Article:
First it was Ethan Sherwood Strauss with the anonymous anti-Draymond Green stories. Now it is another ESPN reporter, Chris Haynes, citing an unnamed source in regards to the Warriors front office being “furious” over the treatment of Durant in his return to Oklahoma City. Are these leaks from internal personnel an issue? Or is this just ESPN fishing for clicks? Or both?
Derek: 95% the latter.
Bram: I mean, we were all furious over OKC’s treatment of Durant. I thought it was shallow, callous and mean-spirited. But I’m obviously biased. I think a larger issue here is … I don’t really care about either of those stories. The leaks could be from wherever. I don’t think they drastically impact the season one way or another. Health, flow and continuity are much more important, at least for whatever ends up happening on the court.
Mike: I concur with Derek. It’s not something that the front office shouldn’t be concerned about at all, but it’s mostly just guys doing their job and reporting what sells.
Check out the playoff standings (here) and make your predictions. What’s the seeding going to look like in the West? Any predictions on the final few weeks?
Derek: 1. GSW 2. SAS 3. HOU 4. LAC 5. UTA 6. OKC 7. MEM 8. POR
Possibly the biggest seed-implicating game of the season is OKC @ MEM on April 5. It’s a both-ways SEGABABA, with MEM traveling from SA and OKC traveling from MIL the night before. MEM clearly has an edge in that head-to-head game, but OKC has the easier remaining schedule.
Elsewhere on the list, I’m betting on experience to buoy LAC and POR above the fresh-faced UTA and DEN teams.
Bram: I agree with Derek, except I think Denver takes the eighth seed, and the world is introduced to the genius of Nikola Jokic.
Mike: My predictions at the start of the season weren’t too far off — for the West anyway.
My prediction (West):— Mike B (@MBhoops13) October 24, 2016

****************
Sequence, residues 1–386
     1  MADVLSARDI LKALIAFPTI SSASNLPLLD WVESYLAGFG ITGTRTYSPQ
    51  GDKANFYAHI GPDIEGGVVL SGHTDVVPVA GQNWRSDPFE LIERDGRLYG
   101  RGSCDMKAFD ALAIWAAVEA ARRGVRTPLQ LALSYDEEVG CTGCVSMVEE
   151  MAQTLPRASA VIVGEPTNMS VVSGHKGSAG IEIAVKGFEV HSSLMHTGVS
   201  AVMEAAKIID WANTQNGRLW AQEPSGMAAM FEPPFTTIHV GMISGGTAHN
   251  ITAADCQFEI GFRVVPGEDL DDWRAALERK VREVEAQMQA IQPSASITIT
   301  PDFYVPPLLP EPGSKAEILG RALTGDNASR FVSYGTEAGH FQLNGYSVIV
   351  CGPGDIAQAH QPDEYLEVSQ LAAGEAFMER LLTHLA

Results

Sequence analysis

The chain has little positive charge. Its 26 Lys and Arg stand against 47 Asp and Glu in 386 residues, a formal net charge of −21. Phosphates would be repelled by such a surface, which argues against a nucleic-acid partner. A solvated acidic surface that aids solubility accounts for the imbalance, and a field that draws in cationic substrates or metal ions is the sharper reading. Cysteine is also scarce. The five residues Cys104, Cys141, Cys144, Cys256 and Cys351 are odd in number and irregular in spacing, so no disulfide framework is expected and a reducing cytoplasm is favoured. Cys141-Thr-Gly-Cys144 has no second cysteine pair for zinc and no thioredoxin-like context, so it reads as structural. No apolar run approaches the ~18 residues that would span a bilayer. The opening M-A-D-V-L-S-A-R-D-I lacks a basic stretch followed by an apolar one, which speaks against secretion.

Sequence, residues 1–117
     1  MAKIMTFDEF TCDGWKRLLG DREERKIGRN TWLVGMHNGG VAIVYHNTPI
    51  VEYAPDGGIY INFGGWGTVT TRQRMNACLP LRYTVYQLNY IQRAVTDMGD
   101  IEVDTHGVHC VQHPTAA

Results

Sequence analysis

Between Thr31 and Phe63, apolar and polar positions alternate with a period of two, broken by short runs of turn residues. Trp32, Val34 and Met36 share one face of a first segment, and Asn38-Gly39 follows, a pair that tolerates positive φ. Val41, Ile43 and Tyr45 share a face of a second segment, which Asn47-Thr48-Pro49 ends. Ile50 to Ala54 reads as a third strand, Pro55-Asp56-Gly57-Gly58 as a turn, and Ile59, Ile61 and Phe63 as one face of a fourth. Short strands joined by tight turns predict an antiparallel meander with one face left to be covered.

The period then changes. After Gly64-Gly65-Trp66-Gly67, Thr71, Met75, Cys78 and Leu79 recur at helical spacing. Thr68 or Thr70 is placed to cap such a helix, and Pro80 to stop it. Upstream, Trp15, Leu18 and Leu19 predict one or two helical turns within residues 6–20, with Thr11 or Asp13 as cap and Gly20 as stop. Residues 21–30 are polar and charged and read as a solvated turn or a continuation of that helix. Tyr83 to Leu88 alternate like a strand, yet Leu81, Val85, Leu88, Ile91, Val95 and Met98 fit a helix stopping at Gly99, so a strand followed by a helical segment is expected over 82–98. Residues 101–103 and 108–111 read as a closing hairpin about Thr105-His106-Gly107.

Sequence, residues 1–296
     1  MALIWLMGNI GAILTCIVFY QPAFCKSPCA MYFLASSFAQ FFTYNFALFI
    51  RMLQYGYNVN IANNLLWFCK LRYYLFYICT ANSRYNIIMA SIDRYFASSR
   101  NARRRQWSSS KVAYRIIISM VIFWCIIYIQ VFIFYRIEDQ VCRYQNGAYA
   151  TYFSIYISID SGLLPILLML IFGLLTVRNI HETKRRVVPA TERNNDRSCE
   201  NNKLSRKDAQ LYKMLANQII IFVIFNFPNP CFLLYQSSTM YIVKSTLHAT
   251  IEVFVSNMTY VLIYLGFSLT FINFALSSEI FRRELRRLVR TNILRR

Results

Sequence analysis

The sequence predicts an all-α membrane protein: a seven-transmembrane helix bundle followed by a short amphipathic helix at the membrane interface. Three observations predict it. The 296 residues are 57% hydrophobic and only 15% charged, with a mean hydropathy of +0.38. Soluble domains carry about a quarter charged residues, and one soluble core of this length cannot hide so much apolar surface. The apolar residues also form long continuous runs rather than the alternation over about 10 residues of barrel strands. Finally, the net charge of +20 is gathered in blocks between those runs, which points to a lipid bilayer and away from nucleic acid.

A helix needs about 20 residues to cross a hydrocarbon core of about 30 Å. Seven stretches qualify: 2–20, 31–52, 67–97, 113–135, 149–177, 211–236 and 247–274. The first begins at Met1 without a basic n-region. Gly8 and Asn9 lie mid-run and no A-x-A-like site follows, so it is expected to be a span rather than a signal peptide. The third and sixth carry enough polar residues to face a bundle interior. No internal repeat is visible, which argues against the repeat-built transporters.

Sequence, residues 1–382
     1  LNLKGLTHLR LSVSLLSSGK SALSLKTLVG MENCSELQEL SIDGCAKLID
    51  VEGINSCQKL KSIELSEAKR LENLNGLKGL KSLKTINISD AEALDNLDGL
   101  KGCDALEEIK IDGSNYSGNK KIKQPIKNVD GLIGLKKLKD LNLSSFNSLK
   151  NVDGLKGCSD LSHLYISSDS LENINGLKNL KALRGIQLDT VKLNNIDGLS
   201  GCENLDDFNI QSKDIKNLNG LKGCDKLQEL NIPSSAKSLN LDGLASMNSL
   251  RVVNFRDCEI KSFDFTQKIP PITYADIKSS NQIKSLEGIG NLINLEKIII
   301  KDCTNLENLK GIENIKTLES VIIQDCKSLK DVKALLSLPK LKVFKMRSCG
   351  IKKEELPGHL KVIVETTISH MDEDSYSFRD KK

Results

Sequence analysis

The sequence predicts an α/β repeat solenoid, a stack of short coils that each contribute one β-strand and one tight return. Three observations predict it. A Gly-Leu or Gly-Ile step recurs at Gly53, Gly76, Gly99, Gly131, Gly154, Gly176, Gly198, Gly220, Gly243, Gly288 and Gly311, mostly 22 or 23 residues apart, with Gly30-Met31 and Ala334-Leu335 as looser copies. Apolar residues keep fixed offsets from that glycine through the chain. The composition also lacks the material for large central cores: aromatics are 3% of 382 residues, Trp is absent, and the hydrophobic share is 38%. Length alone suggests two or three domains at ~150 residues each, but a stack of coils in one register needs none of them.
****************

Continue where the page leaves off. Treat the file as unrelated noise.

1 Golden State
2 San Antonio
3 L.A Clippers
8 ????? (Minnesota?)
I’m going to go with Portland for the 8th seed. I prefer Denver as a team — especially Jokic — however out of the 12 games they have left to play, Denver will play eight on the road and one of their home games is against Cleveland. Meanwhile Portland has three road games over their next 12 games with Houston, Utah and San Antonio being the only playoff teams left on their schedule. I also expect Memphis to grab the sixth seed over OKC.
Adam Silver recently flexed his commissioner muscles and warned of “significant financial penalties” for teams that rest players “without sufficient notice.” But he also inserted the expectation that owners be directly involved in rest decisions as they are more aware of the impacts on "fans and business partners." This comes just hours after an ESPN statement that said “...we're working closely with the NBA to best address it going forward from a media partnership standpoint.”
How much of a problem is this? Will the schedule need to change significantly? If there was one minor tweak you would apply to the season schedule, what would it be?
Derek: It’s everybody’s problem. Parents spend their hard-earned money to share a bonding experience with their kids; they want to see Stephen Curry and LeBron James be amazing. Likewise, the league makes money hand over fist selling tickets to the Curry and LeBron show, and consumer trust is essential for a company to thrive in the 21st century. Curry and LeBron, on the other hand, just want to optimize their chances at another title.
In this interwoven relationship, are the players getting fair enough compensation that we can disregard their wants and wishes?
For reference, the Knicks’ roster is hauling in a combined $102.8 million this season -- quite a bit more than the combined $0 the kids in the NCAA Tournament are making this year. It’s tempting to take their complaints of job-related hardship with a grain of salt in the light of their exorbitant game checks. Then again, the players are the product, and their compensation is a fraction of the overall value of the brand that they created and maintain. The Knicks’ roster, for instance, is being payed 3.1% of the franchise’s $3.3 billion overall value. League revenue has doubled from $2.9 billion to $5.9 billion since 2004. And that growth has a lot more to do with Blake Griffin’s dunks than it does with Steve Ballmer’s celebrations.
Without the players, Adam Silver is just a run-of-the-mill wealthy lawyer, not the $20 million per year commissioner of God he is now. As a fan of basketball, I tend to want the league to police itself with the intentions of creating the best basketball possible. It doesn’t, because Silver et al. are good businessmen. The league tends to police itself with the intentions of profiting.
The schedule should be changed significantly. It won’t be.